"A general conference of the Church is a declaration to all the world that Jesus is the Christ, that He and His Father, the God and Father of us all, appeared to the boy prophet Joseph Smith in fulfillment of that ancient promise that the resurrected Jesus of Nazareth would again restore His Church on earth and again 'come in like manner as [those Judean Saints had] seen him [ascend] into heaven' (Acts 1:11).
This conference and every other conference like it is a declaration that He condescended to come to earth in poverty and humility, to face sorrow and rejection, disappointment and death in order that we might be saved from those very fates as our eternity unfolds, that 'with his stripes we are healed' (Isaiah 53:5). This conference proclaims to every nation, kindred, tongue, and people the loving Messianic promise that 'his mercy endureth for ever' (see Psalm 136:1)."
Elder Jeffrey R. Holland
My gratitude for the General Authorities, the First Presidency, and the Spirit by which they speak is indescribable. General Conference has been a wonderful opportunity to cultivate my testimony; an opportunity to realize that my Heavenly Father knows my thoughts, my feelings, my fears, my hopes, my struggles. He knows me, and wishes for me to overcome my latter-day trials to be with Him again.
Being a writer, I thoroughly enjoyed the talk by Elder Holland on Words. He raised many issues that have weighed heavily on my mind as I contemplated how to progress in my literary career. How much artistic liberty am I willing to take? Am I willing to exchange the darker hues of human nature in my portraits of the psyche for the sake of maintaining my own standards? For these reasons and more, I've avoided too many endeavors in fiction prose. (As if I had the time anyway. LOL) I've realized from past experience that the best way to avoid a problem is to decide ahead of time what's to be done about it. Elder Holland's talk made me consider the power of words, and the good (and harm) that could be accomplished by using them improperly.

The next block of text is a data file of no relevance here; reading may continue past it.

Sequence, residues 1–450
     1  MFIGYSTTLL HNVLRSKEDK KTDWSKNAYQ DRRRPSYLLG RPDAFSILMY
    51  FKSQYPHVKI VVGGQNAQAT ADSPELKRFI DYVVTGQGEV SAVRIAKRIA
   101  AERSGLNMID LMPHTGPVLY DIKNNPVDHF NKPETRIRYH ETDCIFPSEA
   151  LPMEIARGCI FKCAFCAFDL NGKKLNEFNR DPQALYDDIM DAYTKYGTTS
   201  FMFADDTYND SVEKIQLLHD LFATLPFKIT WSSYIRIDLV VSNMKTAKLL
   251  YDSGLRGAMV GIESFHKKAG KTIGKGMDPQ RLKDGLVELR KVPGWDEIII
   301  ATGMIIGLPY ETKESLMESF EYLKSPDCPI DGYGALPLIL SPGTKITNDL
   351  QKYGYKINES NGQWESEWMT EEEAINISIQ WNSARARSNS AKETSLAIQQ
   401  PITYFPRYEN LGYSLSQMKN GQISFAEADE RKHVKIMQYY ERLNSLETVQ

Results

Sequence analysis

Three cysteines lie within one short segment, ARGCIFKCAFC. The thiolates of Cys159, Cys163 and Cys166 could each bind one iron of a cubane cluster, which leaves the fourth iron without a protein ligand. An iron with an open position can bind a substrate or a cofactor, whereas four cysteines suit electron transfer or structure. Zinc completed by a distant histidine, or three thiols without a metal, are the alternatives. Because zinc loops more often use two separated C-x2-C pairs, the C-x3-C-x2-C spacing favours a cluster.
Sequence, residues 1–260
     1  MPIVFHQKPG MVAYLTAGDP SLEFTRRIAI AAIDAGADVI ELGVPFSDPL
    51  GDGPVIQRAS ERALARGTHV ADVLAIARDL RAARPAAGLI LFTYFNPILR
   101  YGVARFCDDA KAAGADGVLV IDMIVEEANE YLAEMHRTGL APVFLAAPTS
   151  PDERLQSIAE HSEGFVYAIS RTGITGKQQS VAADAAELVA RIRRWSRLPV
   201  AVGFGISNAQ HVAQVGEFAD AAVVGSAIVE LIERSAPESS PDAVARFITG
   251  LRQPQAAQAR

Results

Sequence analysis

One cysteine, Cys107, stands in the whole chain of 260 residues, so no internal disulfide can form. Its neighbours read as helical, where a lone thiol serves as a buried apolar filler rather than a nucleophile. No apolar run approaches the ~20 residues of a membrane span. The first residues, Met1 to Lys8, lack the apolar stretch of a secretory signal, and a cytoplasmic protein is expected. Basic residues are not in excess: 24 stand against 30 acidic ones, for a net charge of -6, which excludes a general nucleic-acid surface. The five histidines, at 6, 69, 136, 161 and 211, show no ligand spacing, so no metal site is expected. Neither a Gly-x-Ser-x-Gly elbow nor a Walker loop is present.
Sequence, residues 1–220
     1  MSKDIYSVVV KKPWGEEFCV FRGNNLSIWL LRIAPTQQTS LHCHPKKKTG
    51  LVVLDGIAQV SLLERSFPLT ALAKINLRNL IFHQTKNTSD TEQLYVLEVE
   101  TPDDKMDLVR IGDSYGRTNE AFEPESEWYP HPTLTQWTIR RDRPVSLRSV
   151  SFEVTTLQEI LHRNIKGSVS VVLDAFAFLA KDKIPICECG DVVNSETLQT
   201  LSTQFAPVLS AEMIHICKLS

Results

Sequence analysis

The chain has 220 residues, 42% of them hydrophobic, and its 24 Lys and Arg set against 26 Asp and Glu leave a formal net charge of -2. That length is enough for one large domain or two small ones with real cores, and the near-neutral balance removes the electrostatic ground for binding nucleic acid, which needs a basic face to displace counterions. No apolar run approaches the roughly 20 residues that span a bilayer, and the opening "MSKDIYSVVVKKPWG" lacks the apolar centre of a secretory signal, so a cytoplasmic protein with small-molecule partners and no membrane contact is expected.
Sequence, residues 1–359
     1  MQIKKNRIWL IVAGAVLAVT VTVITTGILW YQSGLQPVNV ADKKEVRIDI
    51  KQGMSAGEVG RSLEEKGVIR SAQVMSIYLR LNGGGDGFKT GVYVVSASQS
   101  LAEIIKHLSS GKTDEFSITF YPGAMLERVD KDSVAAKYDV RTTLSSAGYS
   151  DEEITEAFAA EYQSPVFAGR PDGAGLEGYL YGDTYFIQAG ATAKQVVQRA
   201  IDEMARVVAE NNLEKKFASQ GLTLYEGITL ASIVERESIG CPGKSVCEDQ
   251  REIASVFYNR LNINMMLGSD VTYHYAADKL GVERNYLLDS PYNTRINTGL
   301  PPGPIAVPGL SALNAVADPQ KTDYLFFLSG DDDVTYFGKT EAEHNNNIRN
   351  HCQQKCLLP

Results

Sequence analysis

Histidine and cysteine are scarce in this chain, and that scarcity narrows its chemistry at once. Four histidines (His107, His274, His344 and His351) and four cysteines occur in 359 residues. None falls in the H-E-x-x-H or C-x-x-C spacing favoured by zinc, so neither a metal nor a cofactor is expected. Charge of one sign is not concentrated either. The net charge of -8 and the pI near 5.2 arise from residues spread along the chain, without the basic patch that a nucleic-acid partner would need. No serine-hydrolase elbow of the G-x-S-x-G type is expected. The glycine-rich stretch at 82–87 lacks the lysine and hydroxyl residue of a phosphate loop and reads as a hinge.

I resolved the issue for now by deciding that my goal in my work will be to build faith where it might not have otherwise existed. If I can't do that, then I really don't have anything worthwhile to say. As a writer, I think this is an essential realization that will set me apart from the thousands of others with whom I will be competing.
Many of the other talks held a special relevance to me as well. James E. Faust's talk about forgiveness gave me a better understanding of how and why to forgive my father.
Elder Bednar's Parable of the Pickle was well-developed and amusing, especially because pickles were their own food group for my sister and I when we were younger.
Sister Matsumori's talk about 1st generation members touched me deeply, helping to alleviate my fears about being competent enough to share the gospel with my children.
And Elder Scott's comments on prayer, and the Lord's response to them, left me feeling more confident in my understanding of promptings from the Holy Ghost.
What amazes me is that despite the fact that conference is intended for the Church's 12,000,000 members, the concerns that lay quietly in my heart always seem to be addressed for me, and I leave the session with a better idea of what I need to do for myself and others. How some of the priests in my branch slept through it, I have no idea.
I've yet to listen to the Sunday afternoon session. I didn't attend it, through no fault of my own. Instead, I had a quiet afternoon with my boyfriend and his family. We are fast approaching Easter break , so I'll hopefully be able to watch the talks then. They may be the last thing on my mind, however, because I've committed to performing in the choir on Saturday and Sunday, and my family will no doubt intend to travel as they usually do...
That's the problem I have that never seems to be fully resolved, even after General Conference; how do I chose between Church and my family? Am I doing the right thing by making that decision? What is the right thing to do?
(Un)fortunately, I'm the only one that can make that decision.